• train non-professionals to recognise those affected by mental health problems
  • offer help and guidance towards obtaining professional support                    

On completing the course, participants should:

  • understand the symptoms and risk factors relating to common mental health issues
  • where appropriate, be able to offer "crisis first aid" safely and confidently to someone suffering from mental health difficulties
  • have a working knowledge of the treatment and resources available in order to direct people to the appropriate local or national services                    

Places can be booked through the LSE Training System.                  

Managers' guide to mental health issues                  

A practical guide to managing and supporting mental health problems in the workplace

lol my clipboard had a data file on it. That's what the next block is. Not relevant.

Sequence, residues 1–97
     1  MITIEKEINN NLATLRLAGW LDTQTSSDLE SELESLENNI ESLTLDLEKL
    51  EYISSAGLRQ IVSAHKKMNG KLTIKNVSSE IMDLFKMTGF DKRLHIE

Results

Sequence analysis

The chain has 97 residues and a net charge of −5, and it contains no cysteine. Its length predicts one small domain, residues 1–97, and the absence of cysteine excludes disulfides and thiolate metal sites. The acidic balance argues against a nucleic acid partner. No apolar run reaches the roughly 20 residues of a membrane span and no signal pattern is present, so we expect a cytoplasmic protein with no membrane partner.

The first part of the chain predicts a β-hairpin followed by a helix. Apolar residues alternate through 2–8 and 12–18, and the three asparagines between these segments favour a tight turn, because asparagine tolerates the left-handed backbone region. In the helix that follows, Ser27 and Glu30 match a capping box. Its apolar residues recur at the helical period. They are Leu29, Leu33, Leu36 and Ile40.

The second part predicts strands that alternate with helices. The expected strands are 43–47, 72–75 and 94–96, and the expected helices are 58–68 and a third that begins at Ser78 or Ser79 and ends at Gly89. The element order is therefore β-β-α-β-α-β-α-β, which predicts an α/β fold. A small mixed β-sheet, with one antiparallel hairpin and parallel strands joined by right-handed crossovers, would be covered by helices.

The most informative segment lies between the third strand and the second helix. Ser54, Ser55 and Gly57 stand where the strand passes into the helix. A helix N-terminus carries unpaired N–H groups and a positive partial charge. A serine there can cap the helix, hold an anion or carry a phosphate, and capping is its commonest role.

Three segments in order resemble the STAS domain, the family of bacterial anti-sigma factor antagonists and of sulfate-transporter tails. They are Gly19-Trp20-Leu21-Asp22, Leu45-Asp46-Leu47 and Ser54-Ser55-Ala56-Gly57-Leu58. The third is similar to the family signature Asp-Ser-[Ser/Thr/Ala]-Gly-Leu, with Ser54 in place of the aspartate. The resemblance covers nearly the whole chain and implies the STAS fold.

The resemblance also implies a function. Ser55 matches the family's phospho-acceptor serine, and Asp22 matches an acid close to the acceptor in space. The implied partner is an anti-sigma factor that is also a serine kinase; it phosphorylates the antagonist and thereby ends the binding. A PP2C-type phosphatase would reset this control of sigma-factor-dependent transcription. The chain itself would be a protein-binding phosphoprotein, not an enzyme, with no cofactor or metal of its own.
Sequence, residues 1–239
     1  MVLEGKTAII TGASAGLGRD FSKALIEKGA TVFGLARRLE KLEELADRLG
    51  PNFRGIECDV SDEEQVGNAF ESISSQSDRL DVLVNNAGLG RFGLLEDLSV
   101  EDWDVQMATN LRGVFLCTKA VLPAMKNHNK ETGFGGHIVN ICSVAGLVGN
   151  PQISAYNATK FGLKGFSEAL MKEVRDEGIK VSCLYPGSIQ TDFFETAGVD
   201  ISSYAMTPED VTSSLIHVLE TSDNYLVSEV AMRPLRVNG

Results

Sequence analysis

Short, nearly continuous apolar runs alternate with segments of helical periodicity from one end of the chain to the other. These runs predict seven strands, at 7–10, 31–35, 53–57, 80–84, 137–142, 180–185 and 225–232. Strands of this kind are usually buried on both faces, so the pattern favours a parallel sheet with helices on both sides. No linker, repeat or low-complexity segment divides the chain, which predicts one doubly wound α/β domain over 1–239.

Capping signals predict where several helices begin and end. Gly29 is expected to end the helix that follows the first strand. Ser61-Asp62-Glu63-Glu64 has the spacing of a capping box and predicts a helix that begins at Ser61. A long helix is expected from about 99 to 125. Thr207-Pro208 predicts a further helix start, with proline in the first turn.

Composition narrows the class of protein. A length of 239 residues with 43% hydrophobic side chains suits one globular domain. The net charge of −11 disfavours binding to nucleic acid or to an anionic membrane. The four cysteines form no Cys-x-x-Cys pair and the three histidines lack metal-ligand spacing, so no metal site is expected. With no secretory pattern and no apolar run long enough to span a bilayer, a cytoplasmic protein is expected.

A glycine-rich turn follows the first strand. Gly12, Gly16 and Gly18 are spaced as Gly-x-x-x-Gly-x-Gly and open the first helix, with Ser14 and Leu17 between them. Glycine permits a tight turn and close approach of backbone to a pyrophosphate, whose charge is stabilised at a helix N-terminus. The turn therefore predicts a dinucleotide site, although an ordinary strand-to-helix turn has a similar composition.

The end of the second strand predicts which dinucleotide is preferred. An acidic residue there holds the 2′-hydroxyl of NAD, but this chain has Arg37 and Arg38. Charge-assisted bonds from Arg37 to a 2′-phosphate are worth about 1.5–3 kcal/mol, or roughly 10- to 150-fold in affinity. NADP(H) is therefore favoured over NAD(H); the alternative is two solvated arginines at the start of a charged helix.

Student mental health and wellbeing (online staff training)

A new online interactive training session will help you to identify when a student might need support, know how best to listen and respond to a student, as well as how to arrange support and get urgent help in a serious situation.

Please click here for more details and how to access the training session. 

Tips on managing stress

Stress management: resources for staff

10 stress busters (NHS)

Get help with stress (NHS)


Stress management: guidance for managers                  

The resources developed by the Health and Safety Executive also include a practical guide to managing and supporting people with mental health problems in the workplace.